In my previous post, I gave a general overview of Azure Stack, Microsoft’s new private cloud solution. Today, we will take a closer look at the Azure Stack features.

Azure Resource Manager

The Azure Resource Manager is the common control panel used across all Azure services. With the ARM, you get template-based deployment of applications, which will describe your application’s resources, leading to users installing your app with a few clicks from a marketplace. You’ll also get unified role-based control.

Azure Resource Manager

Azure Resource Manager

The PowerShell CLI, chef, puppet, and ansible (among other tools) can point to either Azure Stack or Azure Cloud.

You can do your work on the platform ecosystem anywhere because Azure will be distributed throughout the world in the following places:

  • 22 Azure regions run by Microsoft with another 8 coming online soon
  • Hundreds of service providers that provide Azure as a Service
  • Thousands of enterprises running Azure in their own datacenters

Azure resource groups

From the Azure portal, resource groups can combine related resources for an application (for example, website and DB VMs), so we can manage the resources together as a template. Details including individual VM network adapters, DNS settings, and storage pools are managed here. Consistency is down at the API level.

You will be able to, for example, connect to public Azure with PowerShell, set your deployment region, and specify parameters of a VM you want to create with a script. You can then simply change your connection to Azure Stack, set your deployment region, and again create an identical VM with the same parameters and the same script you used for the public cloud.

Azure Stack CLI Demo

Azure stack CLI demo

Azure Storage Explorer

Azure Stack will have the same blob storage capabilities as Azure. For example, you can build a storage container within your Azure Stack named StorageBlob1 with an empty “MyPhotos” container.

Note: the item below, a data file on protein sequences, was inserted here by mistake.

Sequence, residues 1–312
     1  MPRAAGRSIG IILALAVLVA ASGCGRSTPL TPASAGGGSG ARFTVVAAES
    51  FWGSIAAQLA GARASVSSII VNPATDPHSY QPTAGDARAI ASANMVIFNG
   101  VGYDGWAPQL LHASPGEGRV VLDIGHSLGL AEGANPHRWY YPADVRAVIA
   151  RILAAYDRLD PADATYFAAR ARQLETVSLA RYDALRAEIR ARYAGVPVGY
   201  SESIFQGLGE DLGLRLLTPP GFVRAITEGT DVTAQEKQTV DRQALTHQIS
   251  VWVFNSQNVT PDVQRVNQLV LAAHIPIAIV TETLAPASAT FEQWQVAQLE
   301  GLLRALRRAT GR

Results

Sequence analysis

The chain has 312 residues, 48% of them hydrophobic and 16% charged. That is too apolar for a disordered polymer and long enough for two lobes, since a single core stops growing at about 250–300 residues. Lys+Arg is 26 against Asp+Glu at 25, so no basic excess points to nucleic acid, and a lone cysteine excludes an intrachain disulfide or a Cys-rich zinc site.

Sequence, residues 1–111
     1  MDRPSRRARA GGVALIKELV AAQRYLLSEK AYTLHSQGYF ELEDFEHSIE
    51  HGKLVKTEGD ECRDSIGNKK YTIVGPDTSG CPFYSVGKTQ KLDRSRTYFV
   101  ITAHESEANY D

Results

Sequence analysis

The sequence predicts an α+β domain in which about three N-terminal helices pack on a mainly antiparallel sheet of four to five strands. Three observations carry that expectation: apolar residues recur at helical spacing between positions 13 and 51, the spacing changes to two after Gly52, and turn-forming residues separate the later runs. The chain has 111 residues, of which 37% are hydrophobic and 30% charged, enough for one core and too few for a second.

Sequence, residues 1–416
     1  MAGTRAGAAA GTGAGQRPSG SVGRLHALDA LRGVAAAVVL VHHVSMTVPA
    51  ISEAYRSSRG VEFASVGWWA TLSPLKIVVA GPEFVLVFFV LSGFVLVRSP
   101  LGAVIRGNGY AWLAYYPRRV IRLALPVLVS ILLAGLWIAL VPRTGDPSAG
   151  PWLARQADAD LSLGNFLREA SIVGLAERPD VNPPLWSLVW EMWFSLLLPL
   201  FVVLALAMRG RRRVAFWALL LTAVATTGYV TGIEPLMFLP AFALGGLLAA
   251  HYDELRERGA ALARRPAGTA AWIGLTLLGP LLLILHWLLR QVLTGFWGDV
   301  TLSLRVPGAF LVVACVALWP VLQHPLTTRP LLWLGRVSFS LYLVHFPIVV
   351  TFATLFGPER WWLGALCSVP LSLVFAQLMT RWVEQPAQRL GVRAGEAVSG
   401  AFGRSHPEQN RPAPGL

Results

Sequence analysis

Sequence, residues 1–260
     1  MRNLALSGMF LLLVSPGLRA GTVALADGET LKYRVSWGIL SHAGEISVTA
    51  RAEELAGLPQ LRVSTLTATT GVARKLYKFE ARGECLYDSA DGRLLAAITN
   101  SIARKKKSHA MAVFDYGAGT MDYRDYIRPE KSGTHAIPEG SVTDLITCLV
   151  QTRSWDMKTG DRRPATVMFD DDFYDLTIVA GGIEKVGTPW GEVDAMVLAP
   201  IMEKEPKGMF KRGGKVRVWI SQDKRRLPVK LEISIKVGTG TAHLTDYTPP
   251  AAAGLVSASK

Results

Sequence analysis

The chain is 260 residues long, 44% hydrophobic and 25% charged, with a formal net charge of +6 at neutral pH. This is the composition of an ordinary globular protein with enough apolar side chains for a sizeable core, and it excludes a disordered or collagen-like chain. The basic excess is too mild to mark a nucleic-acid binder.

Azure Storage Containers

Azure storage containers

The Azure Storage Explorer is a tool used to browse your Azure Stack or Azure Cloud storage containers. We can use the tool to connect to Azure Stack and upload a photo into the Azure Stack storage blob container.

Azure Storage Explorer Demo

Azure Storage Explorer demo

We can switch back to Azure Stack, refresh our container, and see our file. Azure will then produce a URL for the file, which we can then copy into a web browser and view the picture online.

Azure stack storage container demo

Azure Stack storage container demo

There are just a few other items to mention about Azure Stack. At any given point, Azure Stack as a cloud ecosystem will need to have a consistent set of APIs; therefore, updates will be released that will upgrade the entire Stack. The release status for Azure Stack GA is set for fourth quarter of 2016. The Technical Preview 1 has been released and will be updated throughout the year. It’s a good idea to get used to the Azure application model now and work with the Azure Resource Manager because Azure on premises will essentially be the same as what’s in the cloud.

To get started with Azure Stack Proof of Concept, you will need to do three things:

  1. Register for Azure Stack pre-release here.
  2. Register for and install Windows Server 2016 Datacenter Edition Technical Preview 4
  3. Because you will need an Azure AD instance for Azure Stack tenants, register for a free Azure trial here.

It may take a while to get your Azure Stack pre-release download after registering; in the meantime, let’s install Server 2016 Technical Preview 4 with Desktop Experience and then set up our Azure AD instance and a portal account that will be used by our first Azure Stack tenant.

In my next post, I will give an introduction of how to install Azure Stack.


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